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Winter 2005/2006 Volume 6, Issue 7:
Transplant Nutrition
Myeloma Today speaks with Heather-Ann Younker, RD, CNSD

Myeloma Today speaks with Heather-Ann Younker, RD, CNSD

Myeloma Today: Please tell us about your work with myeloma patients.

Heather-Ann Younker, RD, CNSD: I am a transplant nutritionist working specifically with the transplant program at Hackensack University Medical Center (HUMC) in New Jersey. It is mandatory for each patient who enters the HUMC transplant program to attend one of our weekly Nutrition and Food Management Program educational sessions. There are separate sessions for patients undergoing autologous and allogeneic transplants, but each includes a class on nutrition. In addition, their nurse clinician or physician will often refer them to me for individualized counseling to help maintain a sound nutritional plan and reduce treatment side effects.

MT: What does your first meeting with a myeloma patient encompass?

HY: Basically, it is a screening process. I go through a series of detailed questions designed to assess the patient's nutritional status. For example, I need to know about any weight loss or dietary changes that patients may have experience since the onset of their disease. With myeloma, patients who are on a chemotherapy regimen in preparation for their transplant are likely to be experiencing gastrointestinal distress (such as nausea, vomiting, diarrhea, constipation), as well as poor appetite and weight loss.

MT: How are you able to help such patients?

HY: A common approach is to experiment with different foods and to structure a diet with smaller but more frequent meals. The dietary programs I design are tailored to each individual patient. This could be as simple as adding nutritionally balanced milkshakes to the patient's existing dietary practices. But, of course, some cases are more challenging.

MT: How do you approach a challenging case?

HY: Patients who have renal difficulties or are on dialysis present a number of challenges. There are foods that such patients are not allowed to have. This may be a big adjustment for a patient who previously never had to limit his or her dietary intake in any way. Now, all of a sudden, the patient must adhere to a strict high-protein, low-potassium, low-phosphorus, low-sodium diet. The renal diet has many restrictions, which must be taught to both the patient and the caregiver or other family members.

MT: What is your most frequent dietary recommendation?

HY: If there are no renal problems, then I would say that a high-protein diet would benefit many patients, whether or not they are planning to undergo a transplant. Cancer patients often experience loss of muscle mass, and increasing their intake of protein helps curtail this. Conversely, patients I work with who have renal issues but are not on dialysis must be carefully supervised when it comes to protein intake. To maintain good nutrition, small meals and regular snacks are a good rule of thumb. Drinking plenty of water is important.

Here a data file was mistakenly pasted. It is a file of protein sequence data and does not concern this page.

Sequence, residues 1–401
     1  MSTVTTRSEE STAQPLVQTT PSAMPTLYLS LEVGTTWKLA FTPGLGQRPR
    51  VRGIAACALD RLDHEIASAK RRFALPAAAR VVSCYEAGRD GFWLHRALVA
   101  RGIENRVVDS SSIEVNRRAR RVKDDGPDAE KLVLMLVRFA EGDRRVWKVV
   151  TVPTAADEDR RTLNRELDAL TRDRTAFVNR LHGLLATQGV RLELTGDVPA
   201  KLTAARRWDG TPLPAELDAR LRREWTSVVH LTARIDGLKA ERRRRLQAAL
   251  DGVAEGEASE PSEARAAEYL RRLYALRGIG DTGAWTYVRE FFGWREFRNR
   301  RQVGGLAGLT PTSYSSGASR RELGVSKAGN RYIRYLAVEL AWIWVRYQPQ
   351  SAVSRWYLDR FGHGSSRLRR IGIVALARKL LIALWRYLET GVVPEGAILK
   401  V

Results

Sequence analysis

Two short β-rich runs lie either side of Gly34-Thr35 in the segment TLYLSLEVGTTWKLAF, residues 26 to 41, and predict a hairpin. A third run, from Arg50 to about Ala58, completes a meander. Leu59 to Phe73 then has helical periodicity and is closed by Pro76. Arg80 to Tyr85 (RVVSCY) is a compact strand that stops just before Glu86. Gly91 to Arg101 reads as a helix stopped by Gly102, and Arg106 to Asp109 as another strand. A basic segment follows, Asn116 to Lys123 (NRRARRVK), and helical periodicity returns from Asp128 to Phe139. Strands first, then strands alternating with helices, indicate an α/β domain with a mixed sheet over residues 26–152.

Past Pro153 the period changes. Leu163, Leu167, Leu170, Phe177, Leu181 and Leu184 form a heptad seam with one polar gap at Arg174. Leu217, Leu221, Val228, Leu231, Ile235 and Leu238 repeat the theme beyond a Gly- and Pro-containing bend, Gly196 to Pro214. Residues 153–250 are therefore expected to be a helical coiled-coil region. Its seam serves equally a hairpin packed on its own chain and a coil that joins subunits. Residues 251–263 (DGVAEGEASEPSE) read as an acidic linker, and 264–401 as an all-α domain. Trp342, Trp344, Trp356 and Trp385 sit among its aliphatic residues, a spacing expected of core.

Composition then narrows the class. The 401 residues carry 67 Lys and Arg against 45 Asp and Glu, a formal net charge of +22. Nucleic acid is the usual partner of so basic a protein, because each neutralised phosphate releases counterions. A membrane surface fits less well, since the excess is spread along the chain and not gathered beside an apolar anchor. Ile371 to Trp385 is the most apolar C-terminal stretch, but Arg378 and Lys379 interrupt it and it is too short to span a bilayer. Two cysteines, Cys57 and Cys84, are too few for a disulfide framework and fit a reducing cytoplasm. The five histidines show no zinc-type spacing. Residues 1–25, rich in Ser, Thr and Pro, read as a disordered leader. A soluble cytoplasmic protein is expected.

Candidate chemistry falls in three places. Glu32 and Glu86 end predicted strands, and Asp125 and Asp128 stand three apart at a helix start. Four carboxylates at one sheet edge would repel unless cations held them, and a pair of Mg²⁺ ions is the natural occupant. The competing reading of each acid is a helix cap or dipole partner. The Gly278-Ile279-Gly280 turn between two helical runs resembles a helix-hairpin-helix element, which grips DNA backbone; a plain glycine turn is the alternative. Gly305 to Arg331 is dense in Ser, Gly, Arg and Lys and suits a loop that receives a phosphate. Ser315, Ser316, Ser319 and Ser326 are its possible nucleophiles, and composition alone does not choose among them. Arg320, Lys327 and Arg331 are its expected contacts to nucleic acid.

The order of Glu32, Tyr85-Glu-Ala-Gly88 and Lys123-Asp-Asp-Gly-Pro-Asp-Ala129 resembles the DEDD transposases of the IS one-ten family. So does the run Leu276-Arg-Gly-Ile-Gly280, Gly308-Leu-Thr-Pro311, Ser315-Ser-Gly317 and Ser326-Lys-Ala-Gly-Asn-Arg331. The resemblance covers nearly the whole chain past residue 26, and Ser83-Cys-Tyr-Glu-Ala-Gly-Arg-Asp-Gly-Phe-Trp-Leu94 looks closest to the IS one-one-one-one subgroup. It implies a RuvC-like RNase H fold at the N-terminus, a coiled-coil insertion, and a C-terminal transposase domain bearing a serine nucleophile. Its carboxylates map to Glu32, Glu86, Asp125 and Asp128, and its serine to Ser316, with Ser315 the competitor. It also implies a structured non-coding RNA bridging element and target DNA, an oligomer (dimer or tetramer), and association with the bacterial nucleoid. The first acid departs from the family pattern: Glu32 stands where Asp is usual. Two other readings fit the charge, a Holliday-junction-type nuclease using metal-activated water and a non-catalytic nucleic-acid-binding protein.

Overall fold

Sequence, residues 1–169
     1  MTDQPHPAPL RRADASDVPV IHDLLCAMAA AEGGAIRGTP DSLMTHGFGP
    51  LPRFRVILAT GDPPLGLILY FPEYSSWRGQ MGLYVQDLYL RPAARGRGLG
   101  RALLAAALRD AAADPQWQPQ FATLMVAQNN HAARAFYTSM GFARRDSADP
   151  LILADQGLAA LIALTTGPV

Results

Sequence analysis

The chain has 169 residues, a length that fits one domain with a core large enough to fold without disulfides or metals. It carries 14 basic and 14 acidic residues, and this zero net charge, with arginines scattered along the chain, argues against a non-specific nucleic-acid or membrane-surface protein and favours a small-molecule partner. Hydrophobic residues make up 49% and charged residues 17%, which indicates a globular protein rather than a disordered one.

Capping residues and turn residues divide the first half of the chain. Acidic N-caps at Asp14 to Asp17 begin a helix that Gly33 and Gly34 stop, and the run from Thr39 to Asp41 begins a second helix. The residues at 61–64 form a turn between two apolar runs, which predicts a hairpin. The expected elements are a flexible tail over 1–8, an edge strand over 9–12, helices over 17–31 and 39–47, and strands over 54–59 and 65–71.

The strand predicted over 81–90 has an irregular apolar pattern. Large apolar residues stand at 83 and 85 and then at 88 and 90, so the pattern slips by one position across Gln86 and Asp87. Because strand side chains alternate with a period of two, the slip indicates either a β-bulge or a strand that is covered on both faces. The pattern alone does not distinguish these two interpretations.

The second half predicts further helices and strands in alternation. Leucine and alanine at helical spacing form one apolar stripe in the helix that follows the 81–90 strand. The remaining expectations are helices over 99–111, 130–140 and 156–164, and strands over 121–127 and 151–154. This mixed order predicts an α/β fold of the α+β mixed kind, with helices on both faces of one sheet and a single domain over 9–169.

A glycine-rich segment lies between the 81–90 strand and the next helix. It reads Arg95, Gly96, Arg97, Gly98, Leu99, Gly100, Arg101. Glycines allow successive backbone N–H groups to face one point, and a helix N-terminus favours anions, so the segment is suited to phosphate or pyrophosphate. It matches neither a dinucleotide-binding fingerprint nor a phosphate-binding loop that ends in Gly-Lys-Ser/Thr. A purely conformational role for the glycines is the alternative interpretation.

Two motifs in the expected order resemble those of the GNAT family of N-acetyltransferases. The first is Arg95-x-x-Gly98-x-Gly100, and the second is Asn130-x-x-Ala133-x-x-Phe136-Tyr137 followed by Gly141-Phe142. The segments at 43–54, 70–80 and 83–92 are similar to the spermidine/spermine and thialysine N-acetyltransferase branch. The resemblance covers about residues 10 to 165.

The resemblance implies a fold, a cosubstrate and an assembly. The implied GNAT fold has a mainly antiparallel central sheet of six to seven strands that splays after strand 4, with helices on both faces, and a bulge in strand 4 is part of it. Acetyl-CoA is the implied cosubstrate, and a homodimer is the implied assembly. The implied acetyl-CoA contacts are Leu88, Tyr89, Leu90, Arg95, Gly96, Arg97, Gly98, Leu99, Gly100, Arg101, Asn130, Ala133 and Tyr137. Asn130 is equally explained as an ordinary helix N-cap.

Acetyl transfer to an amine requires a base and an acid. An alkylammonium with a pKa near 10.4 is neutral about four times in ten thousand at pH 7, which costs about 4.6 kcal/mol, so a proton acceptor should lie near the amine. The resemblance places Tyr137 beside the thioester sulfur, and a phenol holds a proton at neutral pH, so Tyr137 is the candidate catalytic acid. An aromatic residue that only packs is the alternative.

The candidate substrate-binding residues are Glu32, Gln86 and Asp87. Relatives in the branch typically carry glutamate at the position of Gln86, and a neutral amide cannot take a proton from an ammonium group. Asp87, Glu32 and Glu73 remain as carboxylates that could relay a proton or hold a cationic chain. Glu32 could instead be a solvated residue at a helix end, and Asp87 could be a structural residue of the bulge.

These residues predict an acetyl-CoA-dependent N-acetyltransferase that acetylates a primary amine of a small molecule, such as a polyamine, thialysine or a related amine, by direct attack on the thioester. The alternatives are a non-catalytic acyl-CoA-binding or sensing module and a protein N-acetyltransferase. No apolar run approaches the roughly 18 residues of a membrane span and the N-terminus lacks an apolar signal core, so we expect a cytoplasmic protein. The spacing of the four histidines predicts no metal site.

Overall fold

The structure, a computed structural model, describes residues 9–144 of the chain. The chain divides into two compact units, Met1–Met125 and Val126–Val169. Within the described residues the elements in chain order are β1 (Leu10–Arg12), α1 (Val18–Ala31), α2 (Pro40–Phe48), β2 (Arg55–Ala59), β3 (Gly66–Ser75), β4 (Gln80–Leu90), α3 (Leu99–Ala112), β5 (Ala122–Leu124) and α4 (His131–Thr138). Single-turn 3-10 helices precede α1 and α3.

MT: Are there any restrictions that would apply to all transplant patients, whether or not they have renal issues?

HY: Yes. Before the transplant takes place, and for several months after, I strongly recommend that patients adhere to the Low Microbial Dietary Guidelines. This is due to the suppression of the immune system. The low-microbial diet reduces a patient's exposure to bacteria and prevents food-borne illness. It is important to avoid foods that are likely to have a high bacterial count, such as unwashed fruits or vegetables, and rare meats or raw fish. If food is prepared in advance, it must be immediately frozen (and thawed only when you are ready to eat). All leftovers should be discarded after 24 hours. Dining out is problematic because you can't control food preparation. Adhering to these restrictions is very important, and I recommend that a transplant patient follow these dietary guidelines for a minimum of three months.

MT: How often do you see a newly referred patient?

HY: Teaching patients a new way of eating usually requires several sessions. There's just too much information to be taken in at once. And when it comes to patients who are on dialysis, I try to see them even more frequently until their nutritional status has stabilized.

MT: Do you follow patients after they have had their transplants?

HY: Yes, of course. Either their nurse clinician or physician refers them back to me, or the patients will call me on their own when questions or issues arise. One common issue is that, after a transplant, patients often develop aversions to food they previously liked. So, once again, I must help them learn a new way of eating. Each patient's journey is unique, and I am here to assist in whatever way I can before, during, and after a transplant. And I love my job. Recently I saw a patient who was referred to me in preparation for a transplant. I met him when he was in a wheelchair and on a feeding tube. We continued to work together for six months following his transplant. When I saw him last, he was walking down the hospital corridor, looking as healthy as anyone. That's what it's all about for me.

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